Steps to [Re]Connecting Our Sexuality and Spirituality
Here are three mindset shifts that helped deepen my awareness of the harmonious connection between sexuality and spirituality.
1. My Sexuality is Singular – “So whether you eat or drink, or whatever you do, do it all for the glory of God” (1 Cor. 10:31 NLT).
Every outfit calls for a specific purse that compliments what I’m wearing. Sometimes this means that I have to transfer the contents of one bag to another so that I have everything I need. But when it comes to sex, I don’t have a variety of bags. I have one bag called Life and that’s it! When I made that subtle shift in my thinking, everything changed. I went from having a spiritual life and a sexual life to having one life where God is glorified in everything I do by His grace.
Our sexuality disconnects from God when we choose to compartmentalize our life rather than consolidate our life into one single focus. Aligning all our sexual decisions so that they bring glory and honor to God will naturally be met with resistance from our flesh. But I challenge you to ask God to help you to stop compartmentalizing. This week, allow Him to consolidate all your life choices for His glory.
2. My Sexuality is an Opportunity – “As the deer longs for streams of water, so I long for you, O God” (Psalm 42:1 NLT).
For many of us our sexuality is viewed as a point of contention with God. It could be because you may be struggling with your sexual identity and wonder why God made you this way. For others, sexual immorality might be an addiction and it feels like a thorn in your flesh that won’t leave. Or an unmarried person may not be having sex but think it’s unfair and frustrating that they can’t.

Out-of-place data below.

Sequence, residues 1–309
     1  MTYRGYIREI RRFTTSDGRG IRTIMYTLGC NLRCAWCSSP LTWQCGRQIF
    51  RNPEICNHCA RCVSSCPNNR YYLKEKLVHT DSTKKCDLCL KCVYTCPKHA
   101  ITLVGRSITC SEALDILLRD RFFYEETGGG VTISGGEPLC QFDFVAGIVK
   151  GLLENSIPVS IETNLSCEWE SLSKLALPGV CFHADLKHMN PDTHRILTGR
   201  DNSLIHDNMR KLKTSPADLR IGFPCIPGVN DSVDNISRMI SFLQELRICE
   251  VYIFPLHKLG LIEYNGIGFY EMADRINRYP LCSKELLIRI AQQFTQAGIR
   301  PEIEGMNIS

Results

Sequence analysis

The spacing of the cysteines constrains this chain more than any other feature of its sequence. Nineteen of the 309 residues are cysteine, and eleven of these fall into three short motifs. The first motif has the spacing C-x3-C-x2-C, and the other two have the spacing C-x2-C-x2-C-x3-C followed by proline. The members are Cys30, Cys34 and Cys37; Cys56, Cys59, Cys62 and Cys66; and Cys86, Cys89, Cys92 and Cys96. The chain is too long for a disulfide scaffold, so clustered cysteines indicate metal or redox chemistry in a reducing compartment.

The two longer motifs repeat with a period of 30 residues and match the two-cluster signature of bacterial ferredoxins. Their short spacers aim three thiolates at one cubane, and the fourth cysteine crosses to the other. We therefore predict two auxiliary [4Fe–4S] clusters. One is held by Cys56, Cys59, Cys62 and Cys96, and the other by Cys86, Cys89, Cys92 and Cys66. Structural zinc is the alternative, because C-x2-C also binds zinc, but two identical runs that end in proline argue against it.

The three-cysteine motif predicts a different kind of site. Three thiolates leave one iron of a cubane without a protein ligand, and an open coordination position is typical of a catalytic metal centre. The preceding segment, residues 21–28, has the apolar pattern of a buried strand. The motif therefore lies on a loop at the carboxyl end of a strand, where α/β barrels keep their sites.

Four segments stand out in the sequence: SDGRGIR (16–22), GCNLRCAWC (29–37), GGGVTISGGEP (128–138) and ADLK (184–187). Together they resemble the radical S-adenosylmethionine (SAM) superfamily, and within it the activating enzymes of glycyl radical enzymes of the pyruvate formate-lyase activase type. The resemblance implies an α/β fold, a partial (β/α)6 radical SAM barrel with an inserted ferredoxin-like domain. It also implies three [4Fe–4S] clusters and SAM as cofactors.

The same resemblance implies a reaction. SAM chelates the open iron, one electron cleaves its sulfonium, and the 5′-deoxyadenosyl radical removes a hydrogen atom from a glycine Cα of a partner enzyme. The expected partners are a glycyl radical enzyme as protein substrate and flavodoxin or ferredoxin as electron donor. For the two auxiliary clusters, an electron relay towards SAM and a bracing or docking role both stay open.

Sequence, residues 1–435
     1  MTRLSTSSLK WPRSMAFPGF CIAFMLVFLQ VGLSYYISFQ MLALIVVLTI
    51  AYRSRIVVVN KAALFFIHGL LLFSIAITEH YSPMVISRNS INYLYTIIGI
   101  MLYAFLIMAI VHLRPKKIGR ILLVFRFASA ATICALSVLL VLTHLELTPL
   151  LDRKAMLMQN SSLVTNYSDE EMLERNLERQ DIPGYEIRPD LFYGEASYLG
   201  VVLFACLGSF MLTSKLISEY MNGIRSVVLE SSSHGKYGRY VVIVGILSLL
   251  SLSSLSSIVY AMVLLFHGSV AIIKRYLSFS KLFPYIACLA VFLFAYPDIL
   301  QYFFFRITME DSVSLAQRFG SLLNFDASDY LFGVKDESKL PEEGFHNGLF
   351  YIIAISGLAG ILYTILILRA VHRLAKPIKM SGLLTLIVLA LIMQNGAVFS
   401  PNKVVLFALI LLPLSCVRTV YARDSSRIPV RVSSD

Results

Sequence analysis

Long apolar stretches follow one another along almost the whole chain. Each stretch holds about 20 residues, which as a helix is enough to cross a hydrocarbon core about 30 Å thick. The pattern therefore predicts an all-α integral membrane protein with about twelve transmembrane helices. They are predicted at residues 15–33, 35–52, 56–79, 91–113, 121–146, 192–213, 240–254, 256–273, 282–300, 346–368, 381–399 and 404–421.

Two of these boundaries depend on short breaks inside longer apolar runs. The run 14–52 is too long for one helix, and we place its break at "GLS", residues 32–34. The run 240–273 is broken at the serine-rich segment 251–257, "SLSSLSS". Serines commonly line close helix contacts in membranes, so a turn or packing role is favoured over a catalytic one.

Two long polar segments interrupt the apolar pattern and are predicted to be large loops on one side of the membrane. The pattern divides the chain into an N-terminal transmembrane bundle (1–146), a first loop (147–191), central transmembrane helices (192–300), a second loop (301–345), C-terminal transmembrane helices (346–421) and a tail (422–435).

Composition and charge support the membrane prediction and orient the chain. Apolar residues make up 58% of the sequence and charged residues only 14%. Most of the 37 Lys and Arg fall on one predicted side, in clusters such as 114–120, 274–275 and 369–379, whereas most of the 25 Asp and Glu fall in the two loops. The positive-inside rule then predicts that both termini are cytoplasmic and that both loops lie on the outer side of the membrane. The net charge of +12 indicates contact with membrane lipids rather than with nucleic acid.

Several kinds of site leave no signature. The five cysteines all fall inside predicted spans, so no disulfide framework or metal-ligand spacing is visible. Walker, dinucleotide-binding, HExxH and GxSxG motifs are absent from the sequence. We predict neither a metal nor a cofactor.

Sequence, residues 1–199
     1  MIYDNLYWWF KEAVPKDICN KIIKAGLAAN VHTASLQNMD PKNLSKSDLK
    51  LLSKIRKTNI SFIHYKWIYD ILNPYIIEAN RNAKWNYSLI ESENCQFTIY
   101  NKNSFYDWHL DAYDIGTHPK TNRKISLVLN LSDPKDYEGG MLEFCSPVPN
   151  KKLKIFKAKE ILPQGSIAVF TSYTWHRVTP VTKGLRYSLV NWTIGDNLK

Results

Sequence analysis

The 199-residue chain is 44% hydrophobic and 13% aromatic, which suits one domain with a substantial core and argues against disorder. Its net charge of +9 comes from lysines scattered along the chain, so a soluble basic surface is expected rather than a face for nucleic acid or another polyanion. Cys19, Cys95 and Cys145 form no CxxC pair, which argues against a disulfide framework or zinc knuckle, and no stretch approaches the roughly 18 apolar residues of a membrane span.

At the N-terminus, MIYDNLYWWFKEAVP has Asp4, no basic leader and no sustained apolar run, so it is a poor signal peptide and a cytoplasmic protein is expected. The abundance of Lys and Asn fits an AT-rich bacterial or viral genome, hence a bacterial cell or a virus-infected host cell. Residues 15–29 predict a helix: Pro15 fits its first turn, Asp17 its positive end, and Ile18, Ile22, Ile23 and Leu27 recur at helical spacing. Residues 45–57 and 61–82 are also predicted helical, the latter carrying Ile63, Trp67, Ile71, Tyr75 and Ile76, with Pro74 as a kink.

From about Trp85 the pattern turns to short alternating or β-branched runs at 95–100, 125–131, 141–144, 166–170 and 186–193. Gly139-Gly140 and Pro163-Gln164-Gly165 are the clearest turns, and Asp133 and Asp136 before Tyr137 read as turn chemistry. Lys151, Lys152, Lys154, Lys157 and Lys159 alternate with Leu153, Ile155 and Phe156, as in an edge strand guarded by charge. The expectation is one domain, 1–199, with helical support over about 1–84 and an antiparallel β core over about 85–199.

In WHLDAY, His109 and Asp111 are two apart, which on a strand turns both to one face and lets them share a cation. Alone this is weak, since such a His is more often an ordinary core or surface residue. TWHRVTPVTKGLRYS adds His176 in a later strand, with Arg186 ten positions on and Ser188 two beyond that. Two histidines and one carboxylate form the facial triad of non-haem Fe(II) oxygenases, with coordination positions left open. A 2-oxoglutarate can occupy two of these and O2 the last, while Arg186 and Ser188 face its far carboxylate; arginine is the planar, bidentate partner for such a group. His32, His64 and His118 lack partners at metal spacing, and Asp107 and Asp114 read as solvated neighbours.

I can tell you from experience that a major mindset shift happened when I began to see my sexuality as an opportunity to deepen my longings for God, instead of as reason to get angry with Him.
This week, don’t allow your sexual desires or sexual mistakes to prevent you from deepening your craving for more of God. Instead, let your real feelings drive you unashamedly nearer to the heart of God.
3. My Sexuality is Welcome – Jesus replied, “You must love the Lord your God with all your heart, all your soul, and all your mind” (Matthew 22:37 NLT).
Growing up, many of us were taught to repress or ignore our sexual desires until we were married. Oftentimes to even have sexual desires before marriage was considered shameful and sinful. This presents a challenge in today’s society for two reasons. First, more and more people are waiting later in life to be married. According to the most recent estimates from the U.S. Census Bureau, the average age of first marriages for women in 2018 was 27.8 years. For men, it’s slightly older at 29.8 years. That’s the longest Americans have ever waited to get married. To put it in perspective, in 1990 the average age of marriage for women was 24. It was age 22 in 1980. And back in the 50s most women were married by 20 years old.
It’s simply unrealistic to think that healthy Christian men and women are exempt from having sexual desires until marriage. Secondly, a quick observation of our anatomy confirms that we will always be sexual beings no matter our relationship status. Thus, what has helped me is choosing to acknowledge that my sexuality is welcome in the presence of God simply because he created me that way. It’s not a dirty or shameful part of me that needs to be suppressed. We surely don’t have to give in to those desires outside of God’s will, but
learning to embrace the freedom we have to bring our entire self into worship will shift how we experience His satisfying love. God wants to fulfill our need for intimacy and connection but it won’t happen if we feel those needs aren’t welcome in our sacred moments with Him.
This secular, post-modern society will have you believing that Christianity is a killjoy, anti-sex religion. But that is simply is not true. Nothing in the Bible says that sex is wrong. Instead, It talks about how our sexuality was designed to reflect how deeply connected we can be to God and each other. This should always be the ideal we strive to achieve. And thankfully, when we fall short God is gracious and merciful enough to reconnect us back with Him. Because with God it takes two. And to Him, we are whole beings that are both deeply spiritual and deeply sexual all at the same time.